TCT 2012: Renal Nerve Ablation Achieves Long-Term Blood Pressure Benefits

The Particulars: Treatment options are limited for patients with refractory high blood pressure (BP). Renal nerve ablation represents a potentially beneficial, minimally invasive option for this patient population. Data Breakdown: In an Australian study, patients with refractory high BP were treated with radiofrequency ablation of renal artery nerves for 36 months. Of these, 41% had a diastolic BP of 140 mm HG or less and 45% had a diastolic BP under 160 mm Hg. Patients receiving the intervention also experienced an average reduction of 31 mm Hg in systolic BP. An immediate response to the procedure was observed in 69% of patients at 1 month, 96% at 30 months, and 94% at 36 months. Take Home Pearl: Treatment of refractory high BP with renal nerve ablation appears to have long-term, sustained benefits in reducing...

TCT 2012: Managing Atherosclerotic Popliteal Artery Stenosis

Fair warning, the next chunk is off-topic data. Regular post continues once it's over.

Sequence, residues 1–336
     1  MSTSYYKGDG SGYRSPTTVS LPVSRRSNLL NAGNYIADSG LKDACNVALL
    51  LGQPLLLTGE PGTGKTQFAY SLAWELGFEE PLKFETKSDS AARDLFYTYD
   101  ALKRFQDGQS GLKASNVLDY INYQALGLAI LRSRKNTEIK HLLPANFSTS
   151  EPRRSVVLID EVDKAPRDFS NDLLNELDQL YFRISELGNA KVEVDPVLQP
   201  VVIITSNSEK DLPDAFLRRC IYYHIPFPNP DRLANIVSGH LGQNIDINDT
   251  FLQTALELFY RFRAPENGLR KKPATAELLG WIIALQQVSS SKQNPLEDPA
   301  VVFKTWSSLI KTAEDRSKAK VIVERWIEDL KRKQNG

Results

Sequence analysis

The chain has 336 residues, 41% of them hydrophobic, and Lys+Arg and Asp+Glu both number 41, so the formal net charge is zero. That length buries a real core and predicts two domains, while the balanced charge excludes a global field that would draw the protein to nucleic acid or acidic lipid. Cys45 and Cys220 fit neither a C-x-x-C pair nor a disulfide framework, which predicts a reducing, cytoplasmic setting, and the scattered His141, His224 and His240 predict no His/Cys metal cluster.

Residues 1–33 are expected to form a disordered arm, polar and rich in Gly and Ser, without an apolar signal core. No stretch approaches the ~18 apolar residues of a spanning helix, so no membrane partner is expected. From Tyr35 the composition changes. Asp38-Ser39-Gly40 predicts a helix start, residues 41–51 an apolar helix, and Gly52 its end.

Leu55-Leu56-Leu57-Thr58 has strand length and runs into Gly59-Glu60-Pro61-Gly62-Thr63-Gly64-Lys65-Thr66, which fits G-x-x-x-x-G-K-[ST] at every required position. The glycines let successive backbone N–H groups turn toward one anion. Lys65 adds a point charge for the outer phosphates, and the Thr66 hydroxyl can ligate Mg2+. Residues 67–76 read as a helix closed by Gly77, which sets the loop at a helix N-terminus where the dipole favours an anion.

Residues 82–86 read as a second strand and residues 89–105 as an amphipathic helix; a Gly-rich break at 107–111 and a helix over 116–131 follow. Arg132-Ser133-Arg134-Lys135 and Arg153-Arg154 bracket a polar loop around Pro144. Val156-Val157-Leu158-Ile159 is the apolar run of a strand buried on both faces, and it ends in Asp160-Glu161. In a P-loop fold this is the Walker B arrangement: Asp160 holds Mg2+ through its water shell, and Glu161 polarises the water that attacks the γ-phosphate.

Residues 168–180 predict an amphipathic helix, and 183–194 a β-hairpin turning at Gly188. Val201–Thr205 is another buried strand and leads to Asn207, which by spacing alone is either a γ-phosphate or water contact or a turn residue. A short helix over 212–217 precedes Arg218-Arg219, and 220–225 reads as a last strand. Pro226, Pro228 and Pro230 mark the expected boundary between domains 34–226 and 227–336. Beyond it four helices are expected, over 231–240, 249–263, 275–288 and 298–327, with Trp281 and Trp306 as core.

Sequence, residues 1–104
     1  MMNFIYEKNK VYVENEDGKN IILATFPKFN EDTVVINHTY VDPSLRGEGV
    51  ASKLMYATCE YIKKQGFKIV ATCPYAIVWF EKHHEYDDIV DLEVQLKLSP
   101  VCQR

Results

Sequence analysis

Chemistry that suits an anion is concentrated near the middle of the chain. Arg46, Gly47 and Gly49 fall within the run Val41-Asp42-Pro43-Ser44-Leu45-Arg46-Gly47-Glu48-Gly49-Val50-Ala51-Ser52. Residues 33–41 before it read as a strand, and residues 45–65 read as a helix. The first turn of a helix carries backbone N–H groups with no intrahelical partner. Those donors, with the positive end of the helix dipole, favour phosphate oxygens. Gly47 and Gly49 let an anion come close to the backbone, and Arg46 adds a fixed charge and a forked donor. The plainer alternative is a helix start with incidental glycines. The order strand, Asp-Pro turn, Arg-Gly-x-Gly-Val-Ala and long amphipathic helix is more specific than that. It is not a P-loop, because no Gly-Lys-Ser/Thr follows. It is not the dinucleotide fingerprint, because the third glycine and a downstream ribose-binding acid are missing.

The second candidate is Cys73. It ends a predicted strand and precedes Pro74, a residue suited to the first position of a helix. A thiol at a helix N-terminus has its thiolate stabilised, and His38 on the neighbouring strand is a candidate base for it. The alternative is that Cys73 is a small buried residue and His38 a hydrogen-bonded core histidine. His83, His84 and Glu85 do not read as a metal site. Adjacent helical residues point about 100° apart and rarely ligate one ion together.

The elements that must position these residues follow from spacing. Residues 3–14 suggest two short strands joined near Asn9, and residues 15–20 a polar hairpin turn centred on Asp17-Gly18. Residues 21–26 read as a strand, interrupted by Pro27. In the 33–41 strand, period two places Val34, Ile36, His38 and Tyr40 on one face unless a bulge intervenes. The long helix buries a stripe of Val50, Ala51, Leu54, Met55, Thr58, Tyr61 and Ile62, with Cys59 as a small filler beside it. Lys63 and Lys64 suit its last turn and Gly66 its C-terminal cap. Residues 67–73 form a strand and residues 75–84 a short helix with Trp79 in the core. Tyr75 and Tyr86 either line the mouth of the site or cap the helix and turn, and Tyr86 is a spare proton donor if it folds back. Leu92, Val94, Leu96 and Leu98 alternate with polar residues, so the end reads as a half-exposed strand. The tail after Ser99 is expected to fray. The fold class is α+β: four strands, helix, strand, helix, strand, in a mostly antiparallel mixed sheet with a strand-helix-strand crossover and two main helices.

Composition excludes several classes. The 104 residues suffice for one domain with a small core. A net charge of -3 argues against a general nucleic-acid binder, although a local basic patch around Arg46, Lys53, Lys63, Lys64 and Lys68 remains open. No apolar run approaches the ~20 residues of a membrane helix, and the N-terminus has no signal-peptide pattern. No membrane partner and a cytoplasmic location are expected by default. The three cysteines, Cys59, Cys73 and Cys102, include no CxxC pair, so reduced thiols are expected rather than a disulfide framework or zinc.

The Particulars: Few studies have compared primary stenting approaches with balloon angioplasty in patients with atherosclerotic popliteal artery stenosis. Balloon angioplasty is the current gold standard treatment. Data Breakdown: A trial compared primary stenting using a contemporary nitinol stent device with balloon angioplasty. At 1 year after treatment, 67.4% of patients who received the nitinol stent had patent popliteal arteries, compared with a 44.9% rate for those treated with balloon angioplasty. Outcomes at 1 year were similar for death, heart attack, amputation, and ankle brachial index, but more patients undergoing angioplasty required repeat treatment than those receiving nitinol stents. Take Home Pearls: Treatment of popliteal artery obstructive lesions with a nitinol self-expanding stent appears to be safe and improve both target lesion revascularization rates and 1-year primary patency...